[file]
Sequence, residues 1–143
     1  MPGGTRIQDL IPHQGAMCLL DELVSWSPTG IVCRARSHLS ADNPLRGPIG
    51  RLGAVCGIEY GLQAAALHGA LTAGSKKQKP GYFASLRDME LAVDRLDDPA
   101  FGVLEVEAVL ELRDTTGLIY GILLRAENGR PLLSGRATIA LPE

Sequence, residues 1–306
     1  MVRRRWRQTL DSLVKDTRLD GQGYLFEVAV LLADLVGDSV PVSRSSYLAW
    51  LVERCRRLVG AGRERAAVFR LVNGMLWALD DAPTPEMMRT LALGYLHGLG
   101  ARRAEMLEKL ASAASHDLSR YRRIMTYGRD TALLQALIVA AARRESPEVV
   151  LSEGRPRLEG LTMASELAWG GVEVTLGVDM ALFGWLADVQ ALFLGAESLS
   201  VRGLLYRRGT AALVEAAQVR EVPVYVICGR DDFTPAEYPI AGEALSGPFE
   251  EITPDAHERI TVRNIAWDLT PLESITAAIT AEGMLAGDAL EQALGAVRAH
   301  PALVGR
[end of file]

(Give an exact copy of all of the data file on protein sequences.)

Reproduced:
Sequence, residues 1–143
     1  MPGGTRIQDL IPHQGAMCLL DELVSWSPTG IVCRARSHLS ADNPLRGPIG
    51  RLGAVCGIEY GLQAAALHGA LTAGSKKQKP GYFASLRDME LAVDRLDDPA
   101  FGVLEVEAVL ELRDTTGLIY GILLRAENGR PLLSGRATIA LPE

Sequence, residues 1–306
     1  MVRRRWRQTL DSLVKDTRLD GQGYLFEVAV LLADLVGDSV PVSRSSYLAW
    51  LVERCRRLVG AGRERAAVFR LVNGMLWALD DAPTPEMMRT LALGYLHGLG
   101  ARRAEMLEKL ASAASHDLSR YRRIMTYGRD TALLQALIVA AARRESPEVV
   151  LSEGRPRLEG LTMASELAWG GVEVTLGVDM ALFGWLADVQ ALFLGAESLS
   201  VRGLLYRRGT AALVEAAQVR EVPVYVICGR DDFTPAEYPI AGEALSGPFE
   251  EITPDAHERI TVRNIAWDLT PLESITAAIT AEGMLAGDAL EQALGAVRAH
   301  PALVGR